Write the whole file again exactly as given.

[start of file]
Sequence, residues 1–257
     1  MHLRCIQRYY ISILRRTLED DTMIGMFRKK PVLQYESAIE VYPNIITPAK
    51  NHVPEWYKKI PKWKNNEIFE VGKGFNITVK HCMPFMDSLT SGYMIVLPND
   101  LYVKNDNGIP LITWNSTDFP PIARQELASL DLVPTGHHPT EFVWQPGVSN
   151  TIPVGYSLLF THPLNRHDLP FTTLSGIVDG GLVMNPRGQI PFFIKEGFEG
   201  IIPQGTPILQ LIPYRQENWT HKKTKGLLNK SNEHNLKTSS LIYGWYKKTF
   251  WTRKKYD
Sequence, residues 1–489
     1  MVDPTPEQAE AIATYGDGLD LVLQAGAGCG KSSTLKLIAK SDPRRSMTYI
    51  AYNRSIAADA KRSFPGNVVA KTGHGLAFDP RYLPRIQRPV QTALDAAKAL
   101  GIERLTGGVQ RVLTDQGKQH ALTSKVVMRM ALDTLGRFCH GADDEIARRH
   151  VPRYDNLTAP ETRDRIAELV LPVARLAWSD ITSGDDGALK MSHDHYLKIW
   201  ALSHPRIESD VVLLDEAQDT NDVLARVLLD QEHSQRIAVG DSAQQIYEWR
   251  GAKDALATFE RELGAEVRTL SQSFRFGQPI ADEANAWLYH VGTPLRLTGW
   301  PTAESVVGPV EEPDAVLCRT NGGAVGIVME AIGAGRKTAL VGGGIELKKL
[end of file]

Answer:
Sequence, residues 1–257
     1  MHLRCIQRYY ISILRRTLED DTMIGMFRKK PVLQYESAIE VYPNIITPAK
    51  NHVPEWYKKI PKWKNNEIFE VGKGFNITVK HCMPFMDSLT SGYMIVLPND
   101  LYVKNDNGIP LITWNSTDFP PIARQELASL DLVPTGHHPT EFVWQPGVSN
   151  TIPVGYSLLF THPLNRHDLP FTTLSGIVDG GLVMNPRGQI PFFIKEGFEG
   201  IIPQGTPILQ LIPYRQENWT HKKTKGLLNK SNEHNLKTSS LIYGWYKKTF
   251  WTRKKYD
Sequence, residues 1–489
     1  MVDPTPEQAE AIATYGDGLD LVLQAGAGCG KSSTLKLIAK SDPRRSMTYI
    51  AYNRSIAADA KRSFPGNVVA KTGHGLAFDP RYLPRIQRPV QTALDAAKAL
   101  GIERLTGGVQ RVLTDQGKQH ALTSKVVMRM ALDTLGRFCH GADDEIARRH
   151  VPRYDNLTAP ETRDRIAELV LPVARLAWSD ITSGDDGALK MSHDHYLKIW
   201  ALSHPRIESD VVLLDEAQDT NDVLARVLLD QEHSQRIAVG DSAQQIYEWR
   251  GAKDALATFE RELGAEVRTL SQSFRFGQPI ADEANAWLYH VGTPLRLTGW
   301  PTAESVVGPV EEPDAVLCRT NGGAVGIVME AIGAGRKTAL VGGGIELKKL